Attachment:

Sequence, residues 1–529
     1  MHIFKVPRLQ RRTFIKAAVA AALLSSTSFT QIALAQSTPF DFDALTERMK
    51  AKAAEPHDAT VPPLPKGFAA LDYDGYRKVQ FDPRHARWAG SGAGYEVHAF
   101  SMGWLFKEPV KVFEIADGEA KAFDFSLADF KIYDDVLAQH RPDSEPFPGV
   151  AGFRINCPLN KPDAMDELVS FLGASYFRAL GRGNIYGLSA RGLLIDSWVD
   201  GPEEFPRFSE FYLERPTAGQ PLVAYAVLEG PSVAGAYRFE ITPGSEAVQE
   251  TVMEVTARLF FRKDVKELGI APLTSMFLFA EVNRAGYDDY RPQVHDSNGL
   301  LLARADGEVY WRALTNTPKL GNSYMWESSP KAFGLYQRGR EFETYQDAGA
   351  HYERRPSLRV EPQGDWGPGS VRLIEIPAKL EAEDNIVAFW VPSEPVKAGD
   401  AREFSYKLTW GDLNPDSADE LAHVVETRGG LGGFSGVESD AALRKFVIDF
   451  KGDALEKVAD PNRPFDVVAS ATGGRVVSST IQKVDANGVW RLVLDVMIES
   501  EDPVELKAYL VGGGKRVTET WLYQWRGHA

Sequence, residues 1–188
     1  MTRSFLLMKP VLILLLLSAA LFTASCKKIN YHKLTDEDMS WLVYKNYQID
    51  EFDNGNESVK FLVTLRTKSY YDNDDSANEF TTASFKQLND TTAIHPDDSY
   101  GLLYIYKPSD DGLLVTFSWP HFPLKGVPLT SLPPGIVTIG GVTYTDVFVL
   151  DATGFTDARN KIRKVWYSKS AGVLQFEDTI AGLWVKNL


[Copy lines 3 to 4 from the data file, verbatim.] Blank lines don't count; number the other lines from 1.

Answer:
    51  AKAAEPHDAT VPPLPKGFAA LDYDGYRKVQ FDPRHARWAG SGAGYEVHAF
   101  SMGWLFKEPV KVFEIADGEA KAFDFSLADF KIYDDVLAQH RPDSEPFPGV